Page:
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Maybe Sobriety Shouldn’t Be Your New Years Resolution

Photo Illustration: By The Cut.Photo: Getty Images

I don’t like giving prescriptive advice, but to wrap up my year in the cut, I decided to go out with a directive or at least a plea: Dear Friends, January 1 Don’t start drinking in the day. .

Clearly, it’s always been a popular date for wagon-hopping.And sure, if you’re just someone mess with For those of you who think Dry January sounds like a fun challenge or an interesting experiment to you, stop drinking. If you’re worried that there will be, reconsider your start date.

I know you want to quit on New Year’s Day. As a culture, January 1st has weighed heavily on the almost unbearable pressure to change for the better. The resulting anxiety almost single-handedly fuels the market for fitness equipment, gym memberships, and productivity apps. A miserable hangover from the previous night’s celebratory binge can further fuel thoughts of personal improvement. .

That’s my point: I tried Half a dozen times to make January 1st my drinking day. Many alcoholics do. Eleven years after sobriety, I have attended thousands of AA meetings and heard countless people recall his January 1 recovery resolution at the meetings. chip’ symbolizes their first 24 hours.

nevertheless. Want to know how many people I know actually have New Year’s Day as a sober day? Exactly one. one!

As my friend says, it was an accident that I went sober on 1/1. Even the night before she had no intention of quitting the next day. This wasn’t the first time she noticed that. According to her, it was her first time. She attended her AA meetings, but not for the first time. Since January 1, 2010, she has been sober.

Now, to be fair, I haven’t met every sober person on the planet yet. People who really needed to stop drinking, but who just quit and never did it again. Congratulations!

But among those of us who sit in a room and talk about drinking on a regular basis, there seems to be an inverse relationship between the importance assigned to dates and the likelihood of dating. That Certain dates are permanent recovery anniversaries. I’ve heard a lot of stories about people trying to quit but not being able to stop on birthdays, child’s birthdays, anniversaries, his 1st, 15th, last Friday or first day of the month or the month. there is. Sunday or the always popular “Monday”.

Why is it so hard to keep these dates? I think it’s because they have something else in common besides the imports assigned.usually not todayThey usually don’t just nowPeople who have trouble controlling their drinking choose special days to dry up not because they want to stop drinking, but because they don’t want to. We are not deciding when to stop drinking, we are negotiating how long we can continue. Symbolic dates add pressure and heighten the anxiety that comes from knowing you’re getting closer to the end every time you drink. I can’t.

I never seriously thought of New Year’s Day as the beginning of constant drinking once the hangover subsided. I thought I had a successful branch before starting again. I think I tried to quit drinking once after my birthday was over. But at least she spent a year “on Mondays.” Even after there was nothing left to celebrate, I was forever trying to think of a final hurrah.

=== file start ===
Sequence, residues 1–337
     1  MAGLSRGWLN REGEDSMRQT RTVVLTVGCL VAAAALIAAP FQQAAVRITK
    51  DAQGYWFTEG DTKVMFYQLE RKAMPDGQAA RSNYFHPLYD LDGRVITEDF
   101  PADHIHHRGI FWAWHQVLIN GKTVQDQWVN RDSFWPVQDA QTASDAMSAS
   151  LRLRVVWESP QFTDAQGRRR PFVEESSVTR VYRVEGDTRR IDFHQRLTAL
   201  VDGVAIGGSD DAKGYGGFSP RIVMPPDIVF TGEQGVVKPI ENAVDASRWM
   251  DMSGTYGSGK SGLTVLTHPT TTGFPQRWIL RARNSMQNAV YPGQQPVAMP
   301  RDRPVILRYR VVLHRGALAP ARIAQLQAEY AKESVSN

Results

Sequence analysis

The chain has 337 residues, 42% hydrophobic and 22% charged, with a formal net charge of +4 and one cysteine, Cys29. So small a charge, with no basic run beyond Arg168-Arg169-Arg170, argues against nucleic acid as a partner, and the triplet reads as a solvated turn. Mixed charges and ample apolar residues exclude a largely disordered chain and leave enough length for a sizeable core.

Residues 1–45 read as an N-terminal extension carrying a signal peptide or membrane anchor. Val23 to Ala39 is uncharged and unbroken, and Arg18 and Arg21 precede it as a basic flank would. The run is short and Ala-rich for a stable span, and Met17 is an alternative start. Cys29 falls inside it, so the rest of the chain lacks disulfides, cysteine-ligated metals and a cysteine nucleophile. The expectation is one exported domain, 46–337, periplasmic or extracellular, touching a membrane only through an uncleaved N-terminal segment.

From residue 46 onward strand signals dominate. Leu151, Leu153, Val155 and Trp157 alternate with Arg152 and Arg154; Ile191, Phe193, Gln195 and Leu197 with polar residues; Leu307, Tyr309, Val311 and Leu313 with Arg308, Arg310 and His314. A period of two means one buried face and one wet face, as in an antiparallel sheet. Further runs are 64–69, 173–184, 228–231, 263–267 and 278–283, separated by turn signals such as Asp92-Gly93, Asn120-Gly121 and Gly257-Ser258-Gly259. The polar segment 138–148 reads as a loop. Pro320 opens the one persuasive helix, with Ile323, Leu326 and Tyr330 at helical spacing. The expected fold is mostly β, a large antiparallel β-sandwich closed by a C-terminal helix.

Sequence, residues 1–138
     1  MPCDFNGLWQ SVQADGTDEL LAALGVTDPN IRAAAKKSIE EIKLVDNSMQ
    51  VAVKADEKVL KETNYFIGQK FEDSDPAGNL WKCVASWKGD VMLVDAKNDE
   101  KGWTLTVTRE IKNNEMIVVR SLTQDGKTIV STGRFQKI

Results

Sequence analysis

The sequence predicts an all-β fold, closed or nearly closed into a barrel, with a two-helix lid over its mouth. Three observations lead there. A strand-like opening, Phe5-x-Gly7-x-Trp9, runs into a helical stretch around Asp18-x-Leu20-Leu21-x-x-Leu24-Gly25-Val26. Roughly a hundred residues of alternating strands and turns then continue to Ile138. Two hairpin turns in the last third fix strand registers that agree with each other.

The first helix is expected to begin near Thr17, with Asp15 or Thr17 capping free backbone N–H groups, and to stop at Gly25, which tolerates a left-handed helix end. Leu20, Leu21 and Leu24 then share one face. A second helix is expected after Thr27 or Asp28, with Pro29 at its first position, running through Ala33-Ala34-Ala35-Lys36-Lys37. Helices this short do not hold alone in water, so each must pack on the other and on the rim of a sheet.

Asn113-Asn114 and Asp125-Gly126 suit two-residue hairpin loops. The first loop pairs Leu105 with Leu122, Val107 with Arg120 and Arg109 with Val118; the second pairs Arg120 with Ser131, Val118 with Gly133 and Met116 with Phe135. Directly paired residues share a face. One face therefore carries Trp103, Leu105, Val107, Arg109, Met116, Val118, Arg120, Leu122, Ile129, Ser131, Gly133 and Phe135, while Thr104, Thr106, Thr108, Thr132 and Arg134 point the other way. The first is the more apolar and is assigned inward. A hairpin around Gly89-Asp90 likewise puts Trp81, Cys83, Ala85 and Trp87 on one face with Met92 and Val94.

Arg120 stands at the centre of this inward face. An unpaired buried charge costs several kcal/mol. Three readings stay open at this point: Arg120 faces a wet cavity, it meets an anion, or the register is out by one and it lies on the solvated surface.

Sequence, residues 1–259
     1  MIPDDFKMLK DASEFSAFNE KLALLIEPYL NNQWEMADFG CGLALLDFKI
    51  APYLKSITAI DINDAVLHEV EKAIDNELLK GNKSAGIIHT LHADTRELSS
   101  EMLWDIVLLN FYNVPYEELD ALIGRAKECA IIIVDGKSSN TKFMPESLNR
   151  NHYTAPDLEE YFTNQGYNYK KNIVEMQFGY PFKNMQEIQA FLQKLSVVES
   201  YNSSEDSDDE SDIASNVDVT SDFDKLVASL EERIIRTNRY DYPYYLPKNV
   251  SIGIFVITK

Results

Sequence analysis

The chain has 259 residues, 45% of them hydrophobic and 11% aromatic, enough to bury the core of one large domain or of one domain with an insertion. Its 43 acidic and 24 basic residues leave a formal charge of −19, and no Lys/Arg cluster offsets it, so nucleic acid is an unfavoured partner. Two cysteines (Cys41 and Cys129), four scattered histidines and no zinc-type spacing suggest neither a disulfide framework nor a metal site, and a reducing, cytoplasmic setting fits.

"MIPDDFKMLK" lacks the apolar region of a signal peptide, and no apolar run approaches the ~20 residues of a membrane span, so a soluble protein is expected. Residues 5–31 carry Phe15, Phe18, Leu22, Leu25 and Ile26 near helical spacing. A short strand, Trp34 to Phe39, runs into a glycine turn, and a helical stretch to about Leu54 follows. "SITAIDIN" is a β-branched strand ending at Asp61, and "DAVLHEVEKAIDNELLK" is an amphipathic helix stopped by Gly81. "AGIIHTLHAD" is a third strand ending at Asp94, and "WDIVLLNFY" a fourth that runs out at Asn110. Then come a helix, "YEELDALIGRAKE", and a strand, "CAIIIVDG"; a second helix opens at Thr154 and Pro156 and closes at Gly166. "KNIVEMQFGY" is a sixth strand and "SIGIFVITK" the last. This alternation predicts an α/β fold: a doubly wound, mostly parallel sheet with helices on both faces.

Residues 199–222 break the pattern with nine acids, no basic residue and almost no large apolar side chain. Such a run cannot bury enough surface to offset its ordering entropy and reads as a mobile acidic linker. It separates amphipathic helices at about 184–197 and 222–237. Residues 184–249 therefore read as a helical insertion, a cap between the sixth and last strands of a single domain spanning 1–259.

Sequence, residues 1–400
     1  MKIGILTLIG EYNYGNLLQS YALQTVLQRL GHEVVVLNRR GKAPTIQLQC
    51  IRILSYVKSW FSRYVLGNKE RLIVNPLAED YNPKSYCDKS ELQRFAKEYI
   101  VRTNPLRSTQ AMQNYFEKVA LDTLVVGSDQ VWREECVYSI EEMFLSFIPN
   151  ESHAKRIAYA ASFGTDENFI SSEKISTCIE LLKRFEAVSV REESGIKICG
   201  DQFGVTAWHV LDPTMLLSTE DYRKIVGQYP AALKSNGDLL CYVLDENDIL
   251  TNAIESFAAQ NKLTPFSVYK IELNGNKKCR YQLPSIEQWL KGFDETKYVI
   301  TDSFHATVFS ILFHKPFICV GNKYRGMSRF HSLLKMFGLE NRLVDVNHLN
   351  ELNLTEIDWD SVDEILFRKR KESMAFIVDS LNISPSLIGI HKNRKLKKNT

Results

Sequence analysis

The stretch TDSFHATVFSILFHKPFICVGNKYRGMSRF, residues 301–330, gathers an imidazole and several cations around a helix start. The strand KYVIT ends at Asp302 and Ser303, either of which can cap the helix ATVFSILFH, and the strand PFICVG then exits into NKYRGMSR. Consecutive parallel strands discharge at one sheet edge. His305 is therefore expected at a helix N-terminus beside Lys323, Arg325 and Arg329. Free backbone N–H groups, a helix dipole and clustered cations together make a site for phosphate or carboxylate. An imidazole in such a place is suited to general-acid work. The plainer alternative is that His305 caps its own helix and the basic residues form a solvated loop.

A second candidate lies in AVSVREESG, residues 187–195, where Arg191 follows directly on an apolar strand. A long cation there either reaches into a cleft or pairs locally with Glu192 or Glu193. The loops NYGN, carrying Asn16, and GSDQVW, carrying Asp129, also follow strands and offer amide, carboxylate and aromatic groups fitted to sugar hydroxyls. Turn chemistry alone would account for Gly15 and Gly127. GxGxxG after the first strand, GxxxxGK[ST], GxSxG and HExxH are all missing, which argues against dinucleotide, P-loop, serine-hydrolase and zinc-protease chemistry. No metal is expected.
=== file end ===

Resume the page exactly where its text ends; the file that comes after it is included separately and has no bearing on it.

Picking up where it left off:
In fact, my last hurray ended in a suicide attempt. The story of waking up in the hospital has been told here before. That was my first moment of true surrender.

But the binge that led to ER wasn’t my last drink, and when you can say ER was at my lowest point, it’s a great kicker to the story. That’s the weather scene in the movie, right?

So I usually omit the part where I found the bottle (like I did in the first column) only a few swallows left When I was home for a day between the psych ward and treatment. I couldn’t even make the day of my suicide attempt the beginning of a real rebirth. Instead, a few days later.

Being able to scratch just below that bottom, an ounce deep, speaks to the inherent confusion of both alcoholics and alcoholics. When Sober. Trying to keep the story neat and the journey in order always fails. The surrender I felt in that hospital flattened me out. I felt the presence of a higher power! Still, that didn’t stop me from gulping down pathetic amounts of warm hard liquor on the first occasion. That’s because.

How have you resisted all the other half-finished bottles and abandoned wine glasses since? Not because we experienced “true” surrender. Since then, I have been chanting surrender every day. Nothing acknowledged the feeling of cinematic helplessness quite like waking up in the ICU. I hope I never have another.

My recovery has made me realize that what makes my day special is my sobriety. And that’s true every day, not just the first day I didn’t drink.

Because if January 1st was the worst day to be sober, today is the best day.

I loved writing this column for Cut. I will continue to write about recovery as long as I have something to say so keep an eye elsewhere. You can find it on my website You can follow me:

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